Buying the Daphne

You know, when I first saw that little Daphne at the VA Harp Center website, I noticed it because of its relatively low cost, but it wasn’t until later that I realized that this was pretty much my one and only chance to own a pedal harp. It cost $6,950 total — structurally sound but well-used, with a dinged finish and only 40 strings.

It wasn’t until maybe a few weeks after I spotted it that I realized that I would never again find a pedal harp for under $7,000 and that I either bought this one, or I’d lose what was probably my only chance to own a pedal harp. I distinctly remember coming to that realization while I was lying in bed: “This is it: now or never. You get this one, or you don’t get one at all.” In that moment, I decided to buy it.

But even though it was a (relative) bargain, that is still a frightening amount of money to spend on any one object. And I’m semi-relieved and quite pleased that I’ve really taken to it and enjoy spending time with it. (There really is a lot of pleasure to be found in being right up against the sound.) It’s the most I’ve ever spent on a musical instrument, but it’s (nearly) the most certain I’ve been that buying it was a good idea.


Okay, so there we have it.

My Salvi Daphne 40

So there we go, then. And this is a very different instrument. There must be a point where a harpist switches to a pedal harp, even a small one, and suddenly realizes that they can’t actually play “the harp,” they can play their harp — and only their harp. I think it’s a bit like taking a foreign language class, doing well, and thinking that you can speak it when really, all you can do is understand your teacher.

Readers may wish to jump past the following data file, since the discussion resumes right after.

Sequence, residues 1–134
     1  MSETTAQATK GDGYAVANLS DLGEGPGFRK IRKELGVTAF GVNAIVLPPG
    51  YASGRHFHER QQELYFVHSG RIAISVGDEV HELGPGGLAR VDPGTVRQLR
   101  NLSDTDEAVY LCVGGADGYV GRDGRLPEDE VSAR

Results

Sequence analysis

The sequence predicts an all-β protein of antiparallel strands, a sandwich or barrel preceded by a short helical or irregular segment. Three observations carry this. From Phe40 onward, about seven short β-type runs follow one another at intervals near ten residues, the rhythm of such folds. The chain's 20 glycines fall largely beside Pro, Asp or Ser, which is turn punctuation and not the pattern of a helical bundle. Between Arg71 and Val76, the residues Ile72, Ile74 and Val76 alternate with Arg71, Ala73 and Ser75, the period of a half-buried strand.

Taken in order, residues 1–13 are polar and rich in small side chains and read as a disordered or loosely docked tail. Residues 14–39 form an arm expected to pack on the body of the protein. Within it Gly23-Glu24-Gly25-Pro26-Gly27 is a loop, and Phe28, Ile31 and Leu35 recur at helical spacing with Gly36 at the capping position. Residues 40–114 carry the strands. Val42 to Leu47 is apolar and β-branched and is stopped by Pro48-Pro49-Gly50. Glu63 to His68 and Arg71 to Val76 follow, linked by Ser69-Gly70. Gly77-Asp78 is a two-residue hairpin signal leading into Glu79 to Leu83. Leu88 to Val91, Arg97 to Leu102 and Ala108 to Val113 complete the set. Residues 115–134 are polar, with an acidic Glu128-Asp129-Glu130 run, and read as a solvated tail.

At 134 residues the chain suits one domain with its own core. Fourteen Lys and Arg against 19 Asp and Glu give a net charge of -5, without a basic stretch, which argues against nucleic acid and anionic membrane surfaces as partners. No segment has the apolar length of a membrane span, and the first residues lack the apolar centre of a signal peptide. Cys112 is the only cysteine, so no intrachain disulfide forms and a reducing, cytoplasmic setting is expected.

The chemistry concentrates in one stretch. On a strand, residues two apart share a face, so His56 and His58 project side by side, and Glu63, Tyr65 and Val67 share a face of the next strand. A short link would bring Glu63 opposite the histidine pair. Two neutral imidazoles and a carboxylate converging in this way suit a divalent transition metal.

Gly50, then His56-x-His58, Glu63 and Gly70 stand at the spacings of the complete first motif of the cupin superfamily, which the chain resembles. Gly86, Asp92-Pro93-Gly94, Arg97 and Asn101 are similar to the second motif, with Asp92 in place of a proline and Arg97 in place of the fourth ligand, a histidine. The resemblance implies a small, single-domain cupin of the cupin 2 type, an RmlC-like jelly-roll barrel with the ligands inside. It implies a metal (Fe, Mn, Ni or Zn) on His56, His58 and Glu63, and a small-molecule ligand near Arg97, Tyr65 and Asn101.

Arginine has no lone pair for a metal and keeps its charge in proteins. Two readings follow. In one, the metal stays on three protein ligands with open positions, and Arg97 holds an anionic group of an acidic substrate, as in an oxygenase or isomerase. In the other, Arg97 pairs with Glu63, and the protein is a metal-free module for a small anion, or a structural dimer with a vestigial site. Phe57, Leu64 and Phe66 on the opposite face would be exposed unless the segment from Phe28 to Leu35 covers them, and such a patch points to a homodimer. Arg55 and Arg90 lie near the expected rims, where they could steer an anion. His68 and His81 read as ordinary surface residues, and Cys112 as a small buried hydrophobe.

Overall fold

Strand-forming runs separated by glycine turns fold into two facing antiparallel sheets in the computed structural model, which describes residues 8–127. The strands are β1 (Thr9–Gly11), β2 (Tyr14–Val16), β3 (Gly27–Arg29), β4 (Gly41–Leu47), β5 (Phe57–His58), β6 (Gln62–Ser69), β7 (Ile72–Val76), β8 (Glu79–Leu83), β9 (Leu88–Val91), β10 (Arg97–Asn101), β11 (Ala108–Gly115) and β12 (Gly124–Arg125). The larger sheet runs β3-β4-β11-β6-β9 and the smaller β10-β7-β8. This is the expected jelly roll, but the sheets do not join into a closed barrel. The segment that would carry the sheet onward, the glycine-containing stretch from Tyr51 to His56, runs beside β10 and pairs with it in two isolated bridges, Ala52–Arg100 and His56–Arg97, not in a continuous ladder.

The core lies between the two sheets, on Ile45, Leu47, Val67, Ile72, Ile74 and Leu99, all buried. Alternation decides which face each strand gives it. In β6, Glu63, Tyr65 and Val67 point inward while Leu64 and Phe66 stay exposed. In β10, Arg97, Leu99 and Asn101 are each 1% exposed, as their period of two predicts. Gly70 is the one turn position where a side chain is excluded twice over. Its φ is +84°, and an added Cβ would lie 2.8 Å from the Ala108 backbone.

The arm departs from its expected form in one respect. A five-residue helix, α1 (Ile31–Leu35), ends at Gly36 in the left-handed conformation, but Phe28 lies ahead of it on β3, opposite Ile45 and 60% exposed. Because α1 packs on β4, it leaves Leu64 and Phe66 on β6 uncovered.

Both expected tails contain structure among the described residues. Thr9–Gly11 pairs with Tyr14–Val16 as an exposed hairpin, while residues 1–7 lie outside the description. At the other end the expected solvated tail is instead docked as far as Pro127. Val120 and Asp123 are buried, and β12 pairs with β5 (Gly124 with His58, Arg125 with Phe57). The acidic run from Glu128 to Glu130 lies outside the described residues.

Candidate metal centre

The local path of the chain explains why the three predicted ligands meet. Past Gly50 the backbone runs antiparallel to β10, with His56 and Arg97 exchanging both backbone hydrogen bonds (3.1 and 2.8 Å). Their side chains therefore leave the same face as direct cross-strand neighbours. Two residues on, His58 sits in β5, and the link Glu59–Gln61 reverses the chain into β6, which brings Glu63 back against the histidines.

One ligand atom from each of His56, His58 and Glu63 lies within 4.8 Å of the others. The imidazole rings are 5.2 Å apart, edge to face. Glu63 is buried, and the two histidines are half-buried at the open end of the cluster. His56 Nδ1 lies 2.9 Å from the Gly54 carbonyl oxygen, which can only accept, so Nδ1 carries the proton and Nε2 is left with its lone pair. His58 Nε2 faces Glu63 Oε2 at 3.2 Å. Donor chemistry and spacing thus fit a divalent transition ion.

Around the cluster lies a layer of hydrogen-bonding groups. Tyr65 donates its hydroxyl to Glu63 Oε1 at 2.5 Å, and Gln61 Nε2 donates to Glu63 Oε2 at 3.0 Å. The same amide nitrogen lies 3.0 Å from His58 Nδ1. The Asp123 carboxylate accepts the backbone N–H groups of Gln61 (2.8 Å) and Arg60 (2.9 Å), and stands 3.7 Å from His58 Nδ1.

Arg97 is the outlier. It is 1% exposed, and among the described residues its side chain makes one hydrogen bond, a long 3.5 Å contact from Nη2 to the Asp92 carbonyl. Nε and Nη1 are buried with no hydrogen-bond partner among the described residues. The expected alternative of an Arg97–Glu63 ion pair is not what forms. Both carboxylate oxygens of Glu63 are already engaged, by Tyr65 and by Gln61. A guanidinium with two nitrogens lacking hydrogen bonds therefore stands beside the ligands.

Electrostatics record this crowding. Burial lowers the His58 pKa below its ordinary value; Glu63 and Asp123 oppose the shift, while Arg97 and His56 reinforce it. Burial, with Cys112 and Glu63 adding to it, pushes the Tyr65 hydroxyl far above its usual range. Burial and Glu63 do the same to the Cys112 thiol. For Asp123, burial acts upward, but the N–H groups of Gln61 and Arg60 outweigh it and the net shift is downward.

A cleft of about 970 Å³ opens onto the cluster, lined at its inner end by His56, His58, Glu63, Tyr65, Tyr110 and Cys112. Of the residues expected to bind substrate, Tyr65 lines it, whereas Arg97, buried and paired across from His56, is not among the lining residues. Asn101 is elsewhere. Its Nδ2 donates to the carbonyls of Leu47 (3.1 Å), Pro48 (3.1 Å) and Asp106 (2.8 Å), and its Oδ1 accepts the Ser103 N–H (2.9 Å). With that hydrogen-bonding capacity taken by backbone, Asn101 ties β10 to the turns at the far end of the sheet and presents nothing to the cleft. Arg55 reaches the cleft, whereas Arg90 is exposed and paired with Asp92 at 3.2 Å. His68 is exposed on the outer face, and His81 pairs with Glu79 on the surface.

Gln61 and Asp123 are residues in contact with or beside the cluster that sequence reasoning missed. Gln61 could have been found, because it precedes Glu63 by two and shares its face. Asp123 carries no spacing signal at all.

The harp in my music room

I’m at that point. This is a radically different beast. It certainly sounds beautiful, and much richer, but the pedals change everything. Even the hand position has to change, because the location of the action below the neck takes out a lot of string “real estate,” and suddenly I’m much more constrained in how I can approach the strings. Even the feel of gut under my fingers is different, although this only has an octave and a half of gut on it (which pleases me since gut is unstable in pitch).

But I’m thrilled with it. 🙂 I can’t wait to get to the point where I can at least play a titch of something. For now though, it’s mostly Friou exercises with the slightest hint of “Vaga luna,” which only has one pedal change in it.

BTW, you have no idea how fun the Friou exercises are in freygische. 🙂

All righty, then.

Just put down a deposit on a little Salvi Daphne 40 at the VA Harp Center and will go to try the thing out on April 1st. I should have my head examined, but it’s a nice little harp, and slightly dinged on the finish, which has dropped it to just under $7,000 — and I don’t think I’ll ever find a pedal harp that inexpensive ever again. Besides, I don’t give a damn about the finish. If it gets me a good little pedal harp that doesn’t weigh as much as a corpse for just less than $7k, you can ding it to within an inch of its life as long as it still sounds good, has good action, and is structurally sound.

I hope it sounds good and feels good under my hands. I’d love to be able to really get to work on things like the B theme from “Dove sei,” Schubert’s “Breit Uber Mein Haupt,” and Rachmaninoff’s “Vocalise” and other opera stuff like “Una furtiva lagrima” … and maybe even some piano things like Joplin’s “Bink’s Waltz,” which I think would sound fantastic on a harp, Grieg’s Elegaic Melodies, and even Ginastera’s second Argentine Dance, which would need some narrowing down since I will only have 40 strings (and which might not even be doable).

But it will be nice, provided the thing is in good shape and feels good, to be able to play what I want without constantly bumping into the limitations of a lever harp.

I want to hold onto my Ravenna, but I’m also thinking about how I might be able to consign it to them as well, although I hate to think in those terms. It feels disloyal. But if I’m going to be on the pedal mostly and will neglect the lever, then it would make more sense to consign the Ravenna so it will be used. If the little Daphne works for me and I end up getting it, I guess I’ll have to see how it goes with the Ravenna and whether I end up neglecting it.